Please wait while the transcript is being prepared...
Hello, my name is Mick Kolassa,
I'm CEO and Managing Partner
of Medical Marketing Economics.
And I'm here to talk about pricing
in the pharmaceutical industry.
The objectives for this session are,
first to understand how
prices are currently
set in the global
Second, to consider the importance
of developing a pricing strategy,
this is as opposed to just
simply setting a price.
We'll move on then to talk about the
elements of pharmaceutical pricing,
the factors that must be considered
when taking any pricing actions.
And finally, to understand
of specific pricing decisions.
Because we're talking
about pricing in the global
pharmaceutical industry, we
need to talk about there's
some global differences.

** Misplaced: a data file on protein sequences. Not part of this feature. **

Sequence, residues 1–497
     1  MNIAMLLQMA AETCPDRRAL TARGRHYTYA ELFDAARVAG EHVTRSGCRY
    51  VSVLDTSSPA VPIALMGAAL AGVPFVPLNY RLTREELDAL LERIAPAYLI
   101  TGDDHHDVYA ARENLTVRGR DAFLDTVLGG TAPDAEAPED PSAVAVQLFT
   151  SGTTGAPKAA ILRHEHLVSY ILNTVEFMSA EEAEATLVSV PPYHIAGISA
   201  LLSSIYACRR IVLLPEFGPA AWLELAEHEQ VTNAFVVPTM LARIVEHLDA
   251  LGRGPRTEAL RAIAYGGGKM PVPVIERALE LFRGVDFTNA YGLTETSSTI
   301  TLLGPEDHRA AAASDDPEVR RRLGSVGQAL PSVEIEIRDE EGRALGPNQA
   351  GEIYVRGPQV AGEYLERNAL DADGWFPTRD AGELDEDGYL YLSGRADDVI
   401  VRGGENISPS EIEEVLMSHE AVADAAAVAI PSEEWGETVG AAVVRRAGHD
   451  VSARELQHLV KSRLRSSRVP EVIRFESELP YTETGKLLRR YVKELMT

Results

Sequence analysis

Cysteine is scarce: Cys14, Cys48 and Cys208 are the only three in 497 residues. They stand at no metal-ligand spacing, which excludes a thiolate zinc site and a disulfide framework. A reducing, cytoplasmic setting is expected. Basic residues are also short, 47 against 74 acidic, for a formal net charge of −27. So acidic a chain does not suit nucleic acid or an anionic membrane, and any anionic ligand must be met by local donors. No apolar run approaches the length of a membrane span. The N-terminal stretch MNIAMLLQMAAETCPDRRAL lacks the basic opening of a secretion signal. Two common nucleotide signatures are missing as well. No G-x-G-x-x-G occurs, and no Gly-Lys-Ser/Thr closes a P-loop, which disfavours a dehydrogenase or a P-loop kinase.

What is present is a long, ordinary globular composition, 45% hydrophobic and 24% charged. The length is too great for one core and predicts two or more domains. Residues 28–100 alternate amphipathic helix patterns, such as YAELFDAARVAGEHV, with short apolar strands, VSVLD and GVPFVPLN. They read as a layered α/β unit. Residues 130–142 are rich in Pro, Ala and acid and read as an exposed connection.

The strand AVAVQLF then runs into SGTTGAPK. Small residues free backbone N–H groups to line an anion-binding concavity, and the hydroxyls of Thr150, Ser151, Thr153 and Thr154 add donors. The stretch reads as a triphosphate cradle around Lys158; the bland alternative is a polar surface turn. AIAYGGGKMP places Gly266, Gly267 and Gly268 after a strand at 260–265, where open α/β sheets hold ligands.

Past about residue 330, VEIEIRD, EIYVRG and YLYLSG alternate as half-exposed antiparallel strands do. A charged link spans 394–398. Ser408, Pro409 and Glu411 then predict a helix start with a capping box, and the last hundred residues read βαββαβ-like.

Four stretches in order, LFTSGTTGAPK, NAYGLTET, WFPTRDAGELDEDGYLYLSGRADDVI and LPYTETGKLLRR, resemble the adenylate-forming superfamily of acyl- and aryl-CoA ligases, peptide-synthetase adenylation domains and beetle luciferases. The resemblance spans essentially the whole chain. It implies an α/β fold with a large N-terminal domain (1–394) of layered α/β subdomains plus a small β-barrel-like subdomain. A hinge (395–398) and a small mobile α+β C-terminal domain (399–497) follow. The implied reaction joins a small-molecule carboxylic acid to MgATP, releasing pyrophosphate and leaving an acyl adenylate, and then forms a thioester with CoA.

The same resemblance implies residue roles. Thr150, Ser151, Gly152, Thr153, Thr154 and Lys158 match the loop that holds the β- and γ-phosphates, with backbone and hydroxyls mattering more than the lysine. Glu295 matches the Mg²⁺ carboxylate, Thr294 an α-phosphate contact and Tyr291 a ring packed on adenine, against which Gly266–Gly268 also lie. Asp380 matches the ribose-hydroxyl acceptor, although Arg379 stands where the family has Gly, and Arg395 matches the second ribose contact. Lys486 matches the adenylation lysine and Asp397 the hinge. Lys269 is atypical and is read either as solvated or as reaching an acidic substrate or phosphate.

The two largest markets,
the U.S. and the E.U.,
are really quite different.
The U.S. is a free market,
with multiple competing
health care plans, competing
payers, and different formularies.
Product reimbursement can vary
considerably, by individual payer,
a PBM, Pharmaceutical
will tend to have a more generous
benefit than will an HMO.
But it can also vary
within the payer.
An individual PBM may have
several different formularies,
several different ways to
treat the same product,
depending upon the plan sponsor.
Plan sponsor becomes key.
When we look at state Medicaid
plans, which are the health plans
for the indigent, we have 50
different plans in the U.S. and 50
different benefit structures, so
one drug could be treated very
differently from state to state.
Similarly, different employers,
would ask for different plans.
Now when we turn to Europe, in each
of the nations there's going to be
a single monopsonistic
national payer, with generally,
a single national formulary,
reimbursement status for a product
within an individual country.
There are some countries,
such as Italy and Germany,
that will have some levels
of regional autonomy,
but the differences aren't as
great as they are in the U.S.
And most importantly, patients can't
switch from one plan or one payer
to another, whereas in the
U.S. that's very common.